(From the DVD)  From master storyteller, Guillermo del Toro, comes THE SHAPE OF WATER, an otherworldly fairy tale set against the backdrop of Cold War America circa 1962.  In the hidden, high-security government laboratory where she works, lonely Elisa (Sally Hawkins) is trapped in a life of isolation.  Elisa’s life is changed forever when she and co-worker Zelda (Octavia Spencer) discover a secret classified experiment.  Rounding out the case are Michael Shannon, Richard Jenkens, Michael Stuhlbarg, and Doug Jones.  
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Thursday “at the movies” we watched the Swedish film BORDER (for which see below, January 11) with its description in part as [b]lending supernatural folklore and contemporary social issues, the film explores themes of tribalism, racism, and fear of the “other.”  So last night, Friday, I made it a point to watch THE SHAPE OF WATER on DVD, a film cut in part from the same thematic cloth, but with another theme as well that permeates both films:  that of loneliness.  Both films’ protagonists are themselves in some part “the other” and, in both instances, come up against a recognized non-human creature of folklore and find within themselves an affinity.  But what does that then say about them?  The “other,” the “different,” does like then attract like?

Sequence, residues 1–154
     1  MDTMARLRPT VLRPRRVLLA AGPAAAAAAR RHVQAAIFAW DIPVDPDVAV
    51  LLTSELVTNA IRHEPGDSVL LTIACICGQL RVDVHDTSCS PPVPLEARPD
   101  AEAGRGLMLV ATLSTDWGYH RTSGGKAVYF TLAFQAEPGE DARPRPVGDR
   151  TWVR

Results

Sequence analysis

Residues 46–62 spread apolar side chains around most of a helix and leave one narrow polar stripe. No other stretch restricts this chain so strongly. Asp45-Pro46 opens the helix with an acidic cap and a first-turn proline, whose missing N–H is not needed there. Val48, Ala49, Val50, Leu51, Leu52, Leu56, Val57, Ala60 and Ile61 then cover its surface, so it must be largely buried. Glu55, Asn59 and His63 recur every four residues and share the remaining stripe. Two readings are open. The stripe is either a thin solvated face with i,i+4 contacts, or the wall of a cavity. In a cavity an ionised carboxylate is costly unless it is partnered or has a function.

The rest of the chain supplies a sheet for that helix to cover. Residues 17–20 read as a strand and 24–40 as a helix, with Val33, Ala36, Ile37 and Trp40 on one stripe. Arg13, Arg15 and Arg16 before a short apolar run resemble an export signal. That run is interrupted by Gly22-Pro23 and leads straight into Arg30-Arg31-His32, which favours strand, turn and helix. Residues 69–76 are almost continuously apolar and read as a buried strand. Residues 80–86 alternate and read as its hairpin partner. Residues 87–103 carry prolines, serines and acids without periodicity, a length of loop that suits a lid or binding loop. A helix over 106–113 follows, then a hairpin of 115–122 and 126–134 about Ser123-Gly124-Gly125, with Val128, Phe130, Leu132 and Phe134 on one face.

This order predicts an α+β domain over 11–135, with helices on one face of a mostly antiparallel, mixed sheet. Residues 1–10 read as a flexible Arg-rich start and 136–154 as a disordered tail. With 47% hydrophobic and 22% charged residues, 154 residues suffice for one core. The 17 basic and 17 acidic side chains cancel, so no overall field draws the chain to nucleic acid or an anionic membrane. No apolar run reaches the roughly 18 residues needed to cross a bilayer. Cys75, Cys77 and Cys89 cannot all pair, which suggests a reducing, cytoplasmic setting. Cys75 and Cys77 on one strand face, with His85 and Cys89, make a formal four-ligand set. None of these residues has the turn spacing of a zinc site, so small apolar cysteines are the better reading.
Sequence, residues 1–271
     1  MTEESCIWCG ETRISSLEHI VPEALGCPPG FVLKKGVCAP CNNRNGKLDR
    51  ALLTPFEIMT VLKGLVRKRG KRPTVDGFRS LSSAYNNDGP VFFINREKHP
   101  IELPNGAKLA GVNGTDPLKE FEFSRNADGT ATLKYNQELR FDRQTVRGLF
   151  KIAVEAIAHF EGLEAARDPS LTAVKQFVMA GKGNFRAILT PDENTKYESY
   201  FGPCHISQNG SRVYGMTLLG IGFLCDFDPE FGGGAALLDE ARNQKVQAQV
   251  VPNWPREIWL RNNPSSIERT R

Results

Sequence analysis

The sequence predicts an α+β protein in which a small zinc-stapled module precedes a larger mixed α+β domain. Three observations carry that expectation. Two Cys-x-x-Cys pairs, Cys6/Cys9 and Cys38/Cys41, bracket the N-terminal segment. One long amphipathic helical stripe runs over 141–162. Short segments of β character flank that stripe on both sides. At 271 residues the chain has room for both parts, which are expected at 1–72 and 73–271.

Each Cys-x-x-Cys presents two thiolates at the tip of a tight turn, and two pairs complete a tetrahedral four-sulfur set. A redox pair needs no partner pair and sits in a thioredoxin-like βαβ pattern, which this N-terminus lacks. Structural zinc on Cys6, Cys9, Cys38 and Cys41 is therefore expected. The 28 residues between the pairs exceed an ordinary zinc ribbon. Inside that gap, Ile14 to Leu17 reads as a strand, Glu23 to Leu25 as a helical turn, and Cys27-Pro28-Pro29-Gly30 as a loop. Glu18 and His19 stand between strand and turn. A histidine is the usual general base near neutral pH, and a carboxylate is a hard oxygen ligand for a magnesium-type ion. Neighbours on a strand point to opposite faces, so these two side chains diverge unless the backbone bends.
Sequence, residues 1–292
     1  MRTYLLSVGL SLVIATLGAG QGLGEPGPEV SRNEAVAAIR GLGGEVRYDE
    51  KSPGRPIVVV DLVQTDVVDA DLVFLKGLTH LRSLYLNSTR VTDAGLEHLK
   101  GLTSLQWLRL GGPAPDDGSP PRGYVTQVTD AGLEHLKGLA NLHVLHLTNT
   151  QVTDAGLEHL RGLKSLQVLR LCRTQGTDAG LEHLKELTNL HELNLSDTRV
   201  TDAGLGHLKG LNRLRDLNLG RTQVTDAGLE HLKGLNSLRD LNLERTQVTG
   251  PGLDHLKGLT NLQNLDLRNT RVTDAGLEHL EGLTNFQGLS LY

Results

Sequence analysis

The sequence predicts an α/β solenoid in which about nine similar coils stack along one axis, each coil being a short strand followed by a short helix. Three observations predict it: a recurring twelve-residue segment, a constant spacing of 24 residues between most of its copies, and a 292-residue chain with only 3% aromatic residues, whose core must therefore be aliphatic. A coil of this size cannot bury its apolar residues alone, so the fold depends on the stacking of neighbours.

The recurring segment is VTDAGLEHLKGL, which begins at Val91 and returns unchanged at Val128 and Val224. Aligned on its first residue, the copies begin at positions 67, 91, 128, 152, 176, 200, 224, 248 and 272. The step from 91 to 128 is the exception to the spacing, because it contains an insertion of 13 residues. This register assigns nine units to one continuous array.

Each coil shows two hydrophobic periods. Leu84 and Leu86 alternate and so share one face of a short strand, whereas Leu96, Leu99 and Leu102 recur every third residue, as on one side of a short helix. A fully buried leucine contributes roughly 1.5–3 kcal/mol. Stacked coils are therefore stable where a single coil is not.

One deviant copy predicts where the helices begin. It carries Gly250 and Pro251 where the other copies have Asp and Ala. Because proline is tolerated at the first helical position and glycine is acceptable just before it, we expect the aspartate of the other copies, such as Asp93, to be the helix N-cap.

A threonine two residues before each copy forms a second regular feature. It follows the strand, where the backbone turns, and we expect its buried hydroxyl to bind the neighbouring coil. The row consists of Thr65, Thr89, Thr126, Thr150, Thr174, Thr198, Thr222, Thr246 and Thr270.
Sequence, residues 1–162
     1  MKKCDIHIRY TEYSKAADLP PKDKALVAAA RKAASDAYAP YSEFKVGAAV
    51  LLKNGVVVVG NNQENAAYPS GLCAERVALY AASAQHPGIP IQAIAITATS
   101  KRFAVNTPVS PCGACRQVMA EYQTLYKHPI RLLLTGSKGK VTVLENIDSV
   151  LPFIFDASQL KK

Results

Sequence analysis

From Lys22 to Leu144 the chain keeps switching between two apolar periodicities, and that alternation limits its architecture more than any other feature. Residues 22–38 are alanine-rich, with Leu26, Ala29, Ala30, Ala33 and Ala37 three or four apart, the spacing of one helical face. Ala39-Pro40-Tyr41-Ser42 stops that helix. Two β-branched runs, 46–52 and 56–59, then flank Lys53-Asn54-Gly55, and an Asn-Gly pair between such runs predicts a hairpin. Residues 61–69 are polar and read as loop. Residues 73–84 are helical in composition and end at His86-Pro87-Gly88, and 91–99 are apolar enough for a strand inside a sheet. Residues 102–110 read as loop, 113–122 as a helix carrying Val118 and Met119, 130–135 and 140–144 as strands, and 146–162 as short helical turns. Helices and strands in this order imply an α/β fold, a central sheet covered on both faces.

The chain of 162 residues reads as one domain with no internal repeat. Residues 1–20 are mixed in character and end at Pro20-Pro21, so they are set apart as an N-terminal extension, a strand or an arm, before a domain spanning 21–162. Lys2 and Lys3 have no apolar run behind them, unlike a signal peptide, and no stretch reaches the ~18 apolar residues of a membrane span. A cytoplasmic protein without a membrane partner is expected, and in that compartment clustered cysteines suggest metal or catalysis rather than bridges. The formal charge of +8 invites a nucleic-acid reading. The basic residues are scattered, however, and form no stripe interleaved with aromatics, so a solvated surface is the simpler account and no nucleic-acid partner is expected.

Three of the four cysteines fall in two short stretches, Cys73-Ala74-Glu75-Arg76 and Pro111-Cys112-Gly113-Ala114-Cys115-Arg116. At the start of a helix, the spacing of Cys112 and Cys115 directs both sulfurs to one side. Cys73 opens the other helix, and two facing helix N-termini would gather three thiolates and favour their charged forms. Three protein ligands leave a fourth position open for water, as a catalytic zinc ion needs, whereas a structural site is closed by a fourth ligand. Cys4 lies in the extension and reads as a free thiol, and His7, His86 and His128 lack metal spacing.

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Weirdly there’s a bit of Hans Christian Andersen’s “The Little Mermaid” to THE SHAPE OF WATER as well, with some role reversal, not to mention CREATURE FROM THE BLACK LAGOON.  Posters, the DVD cover itself, make no bones that here the “other” will be a merman or similar creature.  But here there is magic too, hinted at in the very beginning, then demonstrated a little bit in the film’s final third (in contrast to BORDER where the creature itself is finally identified — here it’s obvious as soon as we see him) which sets us up for a magic-assisted, surprisingly happy ending.  And it is a good film, even if as mermaids go I did like the Polish film THE LURE better (see December 27, April 25 2017 — in fairness though THE LURE does have vampires, as well as music), and for del Toro I don’t think it quite matches PAN’S LABYRINTH either.  But especially when seen with BORDER as a curtain raiser, THE SHAPE OF WATER makes for part of a great double feature!